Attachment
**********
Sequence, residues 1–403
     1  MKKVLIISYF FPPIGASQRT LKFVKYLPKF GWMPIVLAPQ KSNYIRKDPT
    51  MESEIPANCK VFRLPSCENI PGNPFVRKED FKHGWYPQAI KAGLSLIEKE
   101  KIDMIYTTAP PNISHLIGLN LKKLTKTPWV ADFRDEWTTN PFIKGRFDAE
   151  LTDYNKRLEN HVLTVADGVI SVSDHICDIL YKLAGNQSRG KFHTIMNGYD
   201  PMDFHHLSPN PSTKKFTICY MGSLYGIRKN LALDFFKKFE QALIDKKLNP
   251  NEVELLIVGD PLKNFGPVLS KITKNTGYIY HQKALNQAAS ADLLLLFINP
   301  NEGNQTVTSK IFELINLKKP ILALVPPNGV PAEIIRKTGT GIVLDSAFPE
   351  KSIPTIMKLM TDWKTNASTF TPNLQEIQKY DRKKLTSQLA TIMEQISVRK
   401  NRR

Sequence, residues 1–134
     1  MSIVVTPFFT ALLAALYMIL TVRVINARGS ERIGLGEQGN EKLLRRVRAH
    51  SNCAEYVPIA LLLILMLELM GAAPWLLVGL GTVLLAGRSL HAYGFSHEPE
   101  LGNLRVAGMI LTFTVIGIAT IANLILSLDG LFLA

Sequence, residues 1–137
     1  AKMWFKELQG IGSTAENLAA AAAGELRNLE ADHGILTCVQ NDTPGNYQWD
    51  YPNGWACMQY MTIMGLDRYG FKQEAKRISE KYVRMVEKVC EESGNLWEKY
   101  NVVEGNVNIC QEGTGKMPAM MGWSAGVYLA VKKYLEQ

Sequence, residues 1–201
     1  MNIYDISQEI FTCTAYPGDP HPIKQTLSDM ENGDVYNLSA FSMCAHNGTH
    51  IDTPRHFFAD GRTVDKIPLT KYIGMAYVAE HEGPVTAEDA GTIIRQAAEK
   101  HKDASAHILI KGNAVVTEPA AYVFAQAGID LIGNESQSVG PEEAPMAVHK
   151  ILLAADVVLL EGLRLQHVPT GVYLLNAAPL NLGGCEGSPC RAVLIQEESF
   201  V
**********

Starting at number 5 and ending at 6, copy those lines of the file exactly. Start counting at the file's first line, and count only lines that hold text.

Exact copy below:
   151  LTDYNKRLEN HVLTVADGVI SVSDHICDIL YKLAGNQSRG KFHTIMNGYD
   201  PMDFHHLSPN PSTKKFTICY MGSLYGIRKN LALDFFKKFE QALIDKKLNP